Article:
It’s not that you’re not open to criticism, or don’t want to improve yourself. If you do your best all year, it’s strange to hear -out of the blue- what you haven’t done right afterwards.
The performance review: We all hate it. Yes, even your manager doesn’t like to do it.
Constructive feedback, given at an appropriate moment. Now that’s something you can work with. Performance reviews are usually done top-down and well after the moment you can still do something with the given feedback. This way you’re stuck with a one-sided view, without the possibility to do something about it.
It is so much better when you can really do something with your performance review. Concrete action points based on your daily work, which helps you to develop yourself further. Make sure that the person who reviews your performance gets input from your direct colleagues. Let your teammates and peers help to create the most objective view of your achievements.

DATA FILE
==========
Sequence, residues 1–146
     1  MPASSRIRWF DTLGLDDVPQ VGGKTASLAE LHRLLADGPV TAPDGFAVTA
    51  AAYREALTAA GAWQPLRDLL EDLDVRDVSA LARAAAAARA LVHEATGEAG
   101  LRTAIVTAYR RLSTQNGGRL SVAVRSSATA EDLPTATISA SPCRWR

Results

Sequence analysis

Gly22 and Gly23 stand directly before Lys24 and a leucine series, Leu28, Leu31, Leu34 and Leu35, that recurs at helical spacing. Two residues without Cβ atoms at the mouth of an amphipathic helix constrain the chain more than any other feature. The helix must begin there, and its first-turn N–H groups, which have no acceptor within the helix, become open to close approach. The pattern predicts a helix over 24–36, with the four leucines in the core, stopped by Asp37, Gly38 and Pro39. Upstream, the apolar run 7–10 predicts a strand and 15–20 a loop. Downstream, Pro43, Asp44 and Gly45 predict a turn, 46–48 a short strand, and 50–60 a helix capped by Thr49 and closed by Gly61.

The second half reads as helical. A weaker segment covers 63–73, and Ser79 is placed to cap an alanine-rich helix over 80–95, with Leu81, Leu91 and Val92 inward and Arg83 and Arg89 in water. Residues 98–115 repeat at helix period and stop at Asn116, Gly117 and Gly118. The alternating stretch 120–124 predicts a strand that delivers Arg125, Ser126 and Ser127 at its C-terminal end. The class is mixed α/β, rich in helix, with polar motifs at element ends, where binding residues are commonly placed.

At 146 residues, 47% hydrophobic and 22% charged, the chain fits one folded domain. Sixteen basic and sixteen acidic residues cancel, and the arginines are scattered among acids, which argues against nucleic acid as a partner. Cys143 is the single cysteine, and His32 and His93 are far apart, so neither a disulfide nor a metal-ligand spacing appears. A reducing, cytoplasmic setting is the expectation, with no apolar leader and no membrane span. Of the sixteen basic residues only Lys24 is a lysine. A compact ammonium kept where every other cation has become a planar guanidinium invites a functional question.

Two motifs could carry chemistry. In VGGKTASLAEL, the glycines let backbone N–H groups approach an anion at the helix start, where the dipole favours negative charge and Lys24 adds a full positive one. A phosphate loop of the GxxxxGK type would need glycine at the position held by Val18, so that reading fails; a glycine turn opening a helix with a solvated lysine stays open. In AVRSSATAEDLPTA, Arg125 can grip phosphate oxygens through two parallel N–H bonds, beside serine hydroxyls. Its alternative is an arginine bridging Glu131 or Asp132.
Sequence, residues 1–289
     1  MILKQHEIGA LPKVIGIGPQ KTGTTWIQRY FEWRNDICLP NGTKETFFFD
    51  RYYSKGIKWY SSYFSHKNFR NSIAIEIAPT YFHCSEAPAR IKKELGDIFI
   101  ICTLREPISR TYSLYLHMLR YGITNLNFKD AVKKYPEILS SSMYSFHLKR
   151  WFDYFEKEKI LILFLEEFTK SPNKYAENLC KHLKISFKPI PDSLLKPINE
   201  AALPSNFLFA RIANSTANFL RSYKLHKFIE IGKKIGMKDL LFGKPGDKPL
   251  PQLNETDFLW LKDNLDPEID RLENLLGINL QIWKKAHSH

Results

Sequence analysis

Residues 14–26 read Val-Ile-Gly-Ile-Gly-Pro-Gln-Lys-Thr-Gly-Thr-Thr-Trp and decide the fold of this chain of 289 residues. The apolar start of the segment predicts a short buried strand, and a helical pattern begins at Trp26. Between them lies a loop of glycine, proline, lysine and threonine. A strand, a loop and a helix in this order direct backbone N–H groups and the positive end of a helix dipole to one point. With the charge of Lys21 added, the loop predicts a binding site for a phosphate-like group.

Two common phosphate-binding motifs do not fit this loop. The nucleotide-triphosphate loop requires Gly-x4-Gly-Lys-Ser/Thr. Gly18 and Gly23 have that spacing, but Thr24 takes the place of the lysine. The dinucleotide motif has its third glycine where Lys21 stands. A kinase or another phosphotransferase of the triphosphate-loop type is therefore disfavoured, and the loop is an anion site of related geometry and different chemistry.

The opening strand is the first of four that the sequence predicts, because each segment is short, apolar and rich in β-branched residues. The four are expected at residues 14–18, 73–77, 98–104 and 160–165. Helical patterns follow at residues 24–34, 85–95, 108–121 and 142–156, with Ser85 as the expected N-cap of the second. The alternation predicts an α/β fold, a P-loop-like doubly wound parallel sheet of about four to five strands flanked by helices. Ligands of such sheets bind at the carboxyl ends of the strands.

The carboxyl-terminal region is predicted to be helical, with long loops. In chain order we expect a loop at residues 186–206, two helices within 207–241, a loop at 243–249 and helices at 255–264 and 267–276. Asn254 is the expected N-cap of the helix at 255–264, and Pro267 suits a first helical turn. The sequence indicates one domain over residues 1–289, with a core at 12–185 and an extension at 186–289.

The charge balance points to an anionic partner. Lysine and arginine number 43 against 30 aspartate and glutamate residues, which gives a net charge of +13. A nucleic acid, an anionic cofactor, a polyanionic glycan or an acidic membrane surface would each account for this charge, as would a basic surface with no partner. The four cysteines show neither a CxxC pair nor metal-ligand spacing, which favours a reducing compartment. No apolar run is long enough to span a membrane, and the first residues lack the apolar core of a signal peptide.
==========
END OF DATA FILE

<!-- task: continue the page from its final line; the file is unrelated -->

That way you will have a much better view on how you’re doing and what you must work on. I find this much more honest. Even better, organize a 360 degrees’ feedback session twice a year with your team and use this input in your reviews.
If your employer also can find a way to detach a salary raise from your performance review you can really start developing. How can you sincerely criticize yourself when your salary raise depends on it? At VI we haven’t quite figured out yet what the best way is, but I do know that it should be different.
In my role as manager I hardly give input for the performance reviews, because what do I know? Only if I can contribute based on my specialism I will do so. In most cases it isn’t relevant what I think, it’s about how your teammates, colleagues and our clients think you’re doing.
Demand from your manager that your performance review is based on feedback and input from your colleagues. Schedule a 360 degrees’ feedback session, so you will directly receive feedback and can work with that!